One of the hallmarks of AS Monaco’s exceptional run of form has been Niko Kovac’s decision to organise his team into a 3-2-4-1 formation when his team are in possession. 

Giving his team a strong base to build out from the back, stretch the pitch and ensure occupation of key attacking areas is achieved, Kovac deserves immense credit for his astute tactical setup. The fact Monaco have won eight of their last nine games and are unbeaten in 11 serves as a testament to the success of this framework.

Monaco’s 3-2-4-1 in possession

Key in propelling them from mid table into Champions League challengers, the players have adapted superbly to their manager’s demands. Scoring an impressive 28 goals in their last 11 games, it’s clear how effective this animation has been, with the strikers and attacking midfielders afforded many opportunities to find the back of the net. 

With Wissam Ben Yedder leading the line and usually supported by Sofiane Diop and Kevin Volland, who drift infield to act as dual 10s, defenders have found them a nightmare to handle. Constantly asking questions of the opposition backline due to their intelligent movement and understanding, their slick dovetailing to create space for themselves and one another has been a highlight. 

Forever pulling apart enemy rearguards, Ben Yedder’s beautifully timed drops towards the ball and runs in behind have seen him be a real nuisance. 

Ben Yedder’s brilliantly timed run in behind

Aside from exploiting space expertly for himself, the way his movement draws and pins markers generates openings for Volland and Diop to take advantage of. The below examples offer a fine example of this, with him equally adept at producing room for his comrades both in front of and behind the defence. 

Ben Yedder dropping deep to create the space in behind for Diop
Quality run in behind by Volland as Ben Yedder pins his marker

To shine the light on Diop and Volland, and they’ve been masters at connecting midfield and attack with their outstanding technical qualities, resistance to pressure and ability to find space between the lines extremely valuable. Causing issues for defenders with their positioning due to them being unsure whether to step out, this often leaves the duo space to receive in.

Volland expertly receiving between the lines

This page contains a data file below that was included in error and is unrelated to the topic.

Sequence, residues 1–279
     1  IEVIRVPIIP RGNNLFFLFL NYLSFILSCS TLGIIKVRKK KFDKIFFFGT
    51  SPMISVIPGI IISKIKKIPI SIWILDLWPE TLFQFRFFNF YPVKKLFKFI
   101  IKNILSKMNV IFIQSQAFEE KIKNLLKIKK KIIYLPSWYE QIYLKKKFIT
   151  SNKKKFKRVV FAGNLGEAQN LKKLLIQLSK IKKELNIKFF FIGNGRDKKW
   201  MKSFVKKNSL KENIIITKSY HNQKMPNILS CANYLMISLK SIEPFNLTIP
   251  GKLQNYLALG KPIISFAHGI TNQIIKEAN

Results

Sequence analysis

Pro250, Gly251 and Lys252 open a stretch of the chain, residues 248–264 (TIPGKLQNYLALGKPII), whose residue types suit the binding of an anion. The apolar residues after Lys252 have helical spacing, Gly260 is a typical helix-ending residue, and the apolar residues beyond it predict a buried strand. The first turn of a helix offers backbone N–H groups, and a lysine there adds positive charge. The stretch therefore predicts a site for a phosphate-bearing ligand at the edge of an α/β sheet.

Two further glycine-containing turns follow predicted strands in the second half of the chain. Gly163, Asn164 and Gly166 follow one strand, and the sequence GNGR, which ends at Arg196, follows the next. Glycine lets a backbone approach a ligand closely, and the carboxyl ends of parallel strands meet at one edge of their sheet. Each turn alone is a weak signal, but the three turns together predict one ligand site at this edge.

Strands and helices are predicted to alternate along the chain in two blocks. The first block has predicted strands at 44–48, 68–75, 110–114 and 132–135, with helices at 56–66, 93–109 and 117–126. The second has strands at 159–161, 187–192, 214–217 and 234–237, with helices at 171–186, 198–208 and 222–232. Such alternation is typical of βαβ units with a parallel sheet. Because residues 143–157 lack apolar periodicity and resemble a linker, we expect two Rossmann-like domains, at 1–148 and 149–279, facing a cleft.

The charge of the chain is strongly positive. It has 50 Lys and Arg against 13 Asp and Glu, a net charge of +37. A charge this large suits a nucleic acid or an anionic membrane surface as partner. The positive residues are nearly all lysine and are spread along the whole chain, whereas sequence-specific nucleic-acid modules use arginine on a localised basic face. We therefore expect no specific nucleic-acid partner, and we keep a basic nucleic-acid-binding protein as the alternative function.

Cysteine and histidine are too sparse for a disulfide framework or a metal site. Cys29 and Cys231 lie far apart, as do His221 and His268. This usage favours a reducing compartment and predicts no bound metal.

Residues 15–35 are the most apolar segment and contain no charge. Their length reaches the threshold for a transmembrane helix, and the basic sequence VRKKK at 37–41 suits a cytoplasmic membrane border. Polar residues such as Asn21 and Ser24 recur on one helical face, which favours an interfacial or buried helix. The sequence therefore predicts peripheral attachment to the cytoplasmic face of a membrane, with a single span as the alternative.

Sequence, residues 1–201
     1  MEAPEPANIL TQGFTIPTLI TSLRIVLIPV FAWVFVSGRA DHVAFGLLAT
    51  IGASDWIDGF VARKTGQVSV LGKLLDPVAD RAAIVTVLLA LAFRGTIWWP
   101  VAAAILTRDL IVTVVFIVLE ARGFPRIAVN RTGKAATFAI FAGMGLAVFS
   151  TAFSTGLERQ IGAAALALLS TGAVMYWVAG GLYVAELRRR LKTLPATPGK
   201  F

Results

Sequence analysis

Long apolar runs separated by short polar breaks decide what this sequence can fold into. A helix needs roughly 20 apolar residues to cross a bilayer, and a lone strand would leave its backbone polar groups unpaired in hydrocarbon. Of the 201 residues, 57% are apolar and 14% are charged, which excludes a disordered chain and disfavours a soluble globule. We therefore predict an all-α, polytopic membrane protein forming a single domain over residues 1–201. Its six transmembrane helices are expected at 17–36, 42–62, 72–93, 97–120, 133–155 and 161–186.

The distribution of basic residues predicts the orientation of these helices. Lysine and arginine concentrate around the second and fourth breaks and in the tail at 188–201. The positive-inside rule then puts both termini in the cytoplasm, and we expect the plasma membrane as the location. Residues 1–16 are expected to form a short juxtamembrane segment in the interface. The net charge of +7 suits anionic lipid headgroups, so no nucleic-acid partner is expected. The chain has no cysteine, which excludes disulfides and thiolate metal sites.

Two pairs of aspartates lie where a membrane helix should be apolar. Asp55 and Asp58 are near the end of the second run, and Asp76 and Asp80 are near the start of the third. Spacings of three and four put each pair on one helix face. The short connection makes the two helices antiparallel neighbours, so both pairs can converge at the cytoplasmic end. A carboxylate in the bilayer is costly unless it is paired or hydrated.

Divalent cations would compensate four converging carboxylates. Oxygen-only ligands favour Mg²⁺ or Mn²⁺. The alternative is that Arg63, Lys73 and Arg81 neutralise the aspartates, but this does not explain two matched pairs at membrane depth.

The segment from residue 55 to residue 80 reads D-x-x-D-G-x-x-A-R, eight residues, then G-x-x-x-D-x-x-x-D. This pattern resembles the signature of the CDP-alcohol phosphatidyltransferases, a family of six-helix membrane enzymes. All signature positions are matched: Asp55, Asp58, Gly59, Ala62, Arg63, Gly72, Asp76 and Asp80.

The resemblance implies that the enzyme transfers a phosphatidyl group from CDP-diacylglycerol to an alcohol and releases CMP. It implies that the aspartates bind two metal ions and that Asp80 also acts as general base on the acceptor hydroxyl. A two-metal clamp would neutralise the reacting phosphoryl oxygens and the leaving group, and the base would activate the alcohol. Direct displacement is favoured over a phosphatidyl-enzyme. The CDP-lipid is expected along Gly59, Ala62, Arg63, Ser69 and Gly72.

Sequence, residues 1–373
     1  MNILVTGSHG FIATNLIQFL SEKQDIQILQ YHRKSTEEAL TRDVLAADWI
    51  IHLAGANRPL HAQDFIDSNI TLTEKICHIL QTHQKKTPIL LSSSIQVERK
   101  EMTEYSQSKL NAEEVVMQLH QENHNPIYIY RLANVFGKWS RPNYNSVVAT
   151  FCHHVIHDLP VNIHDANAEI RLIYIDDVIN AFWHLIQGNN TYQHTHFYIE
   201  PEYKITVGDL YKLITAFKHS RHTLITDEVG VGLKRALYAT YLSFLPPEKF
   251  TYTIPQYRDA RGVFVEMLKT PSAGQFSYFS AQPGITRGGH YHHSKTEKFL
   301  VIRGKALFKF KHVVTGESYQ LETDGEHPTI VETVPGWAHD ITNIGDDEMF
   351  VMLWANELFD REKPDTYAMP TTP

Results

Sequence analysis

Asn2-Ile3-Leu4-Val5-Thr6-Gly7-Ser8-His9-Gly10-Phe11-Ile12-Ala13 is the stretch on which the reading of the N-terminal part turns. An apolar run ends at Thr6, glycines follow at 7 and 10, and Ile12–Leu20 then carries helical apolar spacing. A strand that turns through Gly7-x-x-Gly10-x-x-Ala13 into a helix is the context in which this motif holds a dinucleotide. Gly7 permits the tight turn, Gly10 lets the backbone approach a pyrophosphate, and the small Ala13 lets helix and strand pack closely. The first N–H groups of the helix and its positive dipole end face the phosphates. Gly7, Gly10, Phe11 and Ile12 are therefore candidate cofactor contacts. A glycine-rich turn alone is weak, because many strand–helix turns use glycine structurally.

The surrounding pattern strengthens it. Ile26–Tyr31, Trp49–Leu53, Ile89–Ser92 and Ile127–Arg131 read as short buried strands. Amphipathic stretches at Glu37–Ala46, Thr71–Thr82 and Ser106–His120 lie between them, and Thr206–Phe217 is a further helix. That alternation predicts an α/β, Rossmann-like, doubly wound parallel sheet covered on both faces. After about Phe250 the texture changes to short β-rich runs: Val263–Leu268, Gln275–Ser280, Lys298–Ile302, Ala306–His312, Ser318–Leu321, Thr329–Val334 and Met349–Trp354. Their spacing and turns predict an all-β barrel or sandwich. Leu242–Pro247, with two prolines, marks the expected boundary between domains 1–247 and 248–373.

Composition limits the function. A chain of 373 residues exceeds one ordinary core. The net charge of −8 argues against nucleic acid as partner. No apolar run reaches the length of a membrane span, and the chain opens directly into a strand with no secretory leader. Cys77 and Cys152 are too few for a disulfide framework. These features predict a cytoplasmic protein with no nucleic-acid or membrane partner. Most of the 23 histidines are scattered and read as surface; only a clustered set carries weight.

How Volland, Diop and Ben Yedder will often be positioned within close proximity so they can combine intricately to unlock opponents and perform slick rotations has compounded issues for defenders by disrupting their reference points and rhythm.

The way Diop and Volland have helped create overloads out wide and in the half spaces has also been good to see, which has enabled them to progress down the flanks smoothly. Furthermore, their rotations with the nearby wingbacks has given them some extra variety, with them pulling wide as the wingbacks sharply underlap. 

Monaco forming a 4v3 overload out wide
Diop and Caio’s superb rotation which sees the Brazilian exploit dangerous central space

The role of the wingbacks has been valuable in terms of marauding forward on the overlap to make runs in behind too, which stretches defences horizontally and vertically. The likes of Caio Henrique and Ruben Aguilar can then be well placed to fire in crosses and cutbacks into the area. The fact Monaco typically get multiple numbers into the area who tailor their runs at varying heights and depths ensures the ball holder has many viable options inside the box.

The impact of Youssouf Fofana and Aurelien Tchouameni in central midfield can’t be overlooked, for the Frenchmen have been excellent at helping Monaco control and dictate the tempo of matches. So comfortable on the ball and aware of where defenders are, they make astute decisions on whether to hit a one touch pass, turn and face, protect the ball while waiting for an outlet or strategically draw out a marker.